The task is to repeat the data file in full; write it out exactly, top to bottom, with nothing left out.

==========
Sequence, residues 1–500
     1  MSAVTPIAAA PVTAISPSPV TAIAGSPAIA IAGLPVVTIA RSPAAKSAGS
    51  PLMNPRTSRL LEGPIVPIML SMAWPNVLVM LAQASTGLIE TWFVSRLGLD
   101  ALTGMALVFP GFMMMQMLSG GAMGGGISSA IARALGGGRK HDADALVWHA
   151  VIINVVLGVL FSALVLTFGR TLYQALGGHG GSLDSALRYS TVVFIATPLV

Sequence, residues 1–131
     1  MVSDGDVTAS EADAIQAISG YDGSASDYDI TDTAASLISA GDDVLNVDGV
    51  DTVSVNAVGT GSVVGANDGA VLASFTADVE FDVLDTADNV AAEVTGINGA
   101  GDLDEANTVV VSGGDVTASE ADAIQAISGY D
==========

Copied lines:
Sequence, residues 1–500
     1  MSAVTPIAAA PVTAISPSPV TAIAGSPAIA IAGLPVVTIA RSPAAKSAGS
    51  PLMNPRTSRL LEGPIVPIML SMAWPNVLVM LAQASTGLIE TWFVSRLGLD
   101  ALTGMALVFP GFMMMQMLSG GAMGGGISSA IARALGGGRK HDADALVWHA
   151  VIINVVLGVL FSALVLTFGR TLYQALGGHG GSLDSALRYS TVVFIATPLV

Sequence, residues 1–131
     1  MVSDGDVTAS EADAIQAISG YDGSASDYDI TDTAASLISA GDDVLNVDGV
    51  DTVSVNAVGT GSVVGANDGA VLASFTADVE FDVLDTADNV AAEVTGINGA
   101  GDLDEANTVV VSGGDVTASE ADAIQAISGY D